There is growing confusion over US President Donald Trump's condition today, as his doctors and the White House provide contradictory information about the world's highest-profile coronavirus patient.
The doctors treating Trump, led by White House physician Dr Sean Conley, held a media briefing outside Walter Reed Medical Centre around midday, local time. They painted an optimistic picture of the president's health.
"The president is doing very well," Conley said.
"At this time, the team and I are extremely happy with the progress the president has made. [On] Thursday he had a mild cough and some nasal congestion and fatigue, all of which are now resolving and improving at this time.
"It's important to note the president has been fever-free for over 24 hours. We remain cautiously optimistic, but he's doing great with that.
"One other note, it should be clear that he's got plenty of work to get done and he's doing it."
Dooley, a pulmonary critical care doctor, stressed Trump was in "exceptionally good spirits".
"The president this morning is not on oxygen; not having difficulty breathing or walking around the White House medical unit," Dooley said.
"In fact, as we were completing our rounds this morning, the quote he left us with was: 'I feel like I could walk out of here today.' And that was a very encouraging comment from the president."
Sounds pretty straightforward, right?
But as Conley fielded questions from reporters, things got a bit cagey. And immediately after the briefing, White House chief of staff Mark Meadows gave the press pool a far less rosy picture of Trump's health.
Doctor repeatedly avoids questions
Let's start with Conley's answers during the briefing, and then we'll go through Meadows' remarks in more detail.
The first eyebrow-raising moment came as the journalists tried to ascertain whether Trump had received any supplemental oxygen.
"He is receiving no – he has not received any supplemental oxygen?" a reporter asked.
"He is not on oxygen right now. That's right," Conley replied.
"He's not received any at all?" the reporter pressed.
"He has not needed any, uh, this morning, today at all. That's right," Conley said.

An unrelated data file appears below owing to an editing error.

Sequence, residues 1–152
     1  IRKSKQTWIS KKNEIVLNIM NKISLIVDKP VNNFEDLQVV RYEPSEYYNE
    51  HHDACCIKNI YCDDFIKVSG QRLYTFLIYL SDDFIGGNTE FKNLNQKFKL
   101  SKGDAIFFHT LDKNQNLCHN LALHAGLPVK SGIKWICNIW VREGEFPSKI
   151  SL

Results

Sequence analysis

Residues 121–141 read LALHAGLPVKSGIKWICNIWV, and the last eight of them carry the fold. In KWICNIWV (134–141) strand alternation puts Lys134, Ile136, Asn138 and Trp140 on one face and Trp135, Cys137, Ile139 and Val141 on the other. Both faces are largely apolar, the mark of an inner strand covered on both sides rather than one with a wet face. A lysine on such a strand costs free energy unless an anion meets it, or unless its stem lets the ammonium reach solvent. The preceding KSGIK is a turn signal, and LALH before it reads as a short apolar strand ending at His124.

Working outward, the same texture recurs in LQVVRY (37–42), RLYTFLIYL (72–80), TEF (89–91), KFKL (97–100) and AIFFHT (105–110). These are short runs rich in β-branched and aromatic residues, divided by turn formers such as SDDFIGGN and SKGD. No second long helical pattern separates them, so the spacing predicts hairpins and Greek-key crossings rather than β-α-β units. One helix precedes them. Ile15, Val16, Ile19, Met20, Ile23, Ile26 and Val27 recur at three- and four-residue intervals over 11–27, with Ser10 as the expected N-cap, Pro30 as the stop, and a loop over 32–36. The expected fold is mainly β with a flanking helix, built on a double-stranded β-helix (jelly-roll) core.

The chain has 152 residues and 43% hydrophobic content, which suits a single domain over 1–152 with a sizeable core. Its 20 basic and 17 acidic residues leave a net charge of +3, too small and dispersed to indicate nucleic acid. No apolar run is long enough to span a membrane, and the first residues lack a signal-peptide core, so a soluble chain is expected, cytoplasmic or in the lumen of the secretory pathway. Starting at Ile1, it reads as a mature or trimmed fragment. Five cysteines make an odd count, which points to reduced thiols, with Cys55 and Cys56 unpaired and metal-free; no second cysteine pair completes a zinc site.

"At the moment, all indicators are that he will remain off oxygen going forward."
There was an interlude from that particular interrogation as the press conference moved on to other subjects, but a couple of minutes later the reporters tried again.
"Can we please [clear up] one thing. Has he ever been on supplemental oxygen?" one of them asked.
"He – right now, he is not on oxygen," Conley told them.
"I understand, I know you keep saying 'right now', but should we read into that the fact he had been previously?" said the reporter.
"Yesterday and today he was not on oxygen," Conley said.
"So he has not been on it during his Covid treatment?"
"He's – he's not on oxygen right now."
Not the clearest of answers, there.
Another reporter asked Conley how high the president's fever had been.
"You said he's fever-free now. What was his fever when he had one, sir?" they asked.
"I'd rather not give any specific numbers," the White House physician said.
"But he did have a fever Thursday into Friday, and since Friday morning, he's had none."
Asked whether Trump had ever experienced difficulty breathing, as a source told CNN White House correspondent Jim Acosta yesterday, Conley was emphatic.
"No. No, he has not. Never did. He had a little cough; he had the fever. More than anything, he has felt run down," he said.
He declined to say when the president had last tested negative for the virus (the White House says it does frequent testing).
And while Conley acknowledged the medical team was doing daily ultrasounds and lab work to check for lung damage, he declined to "go into specifics" about the results.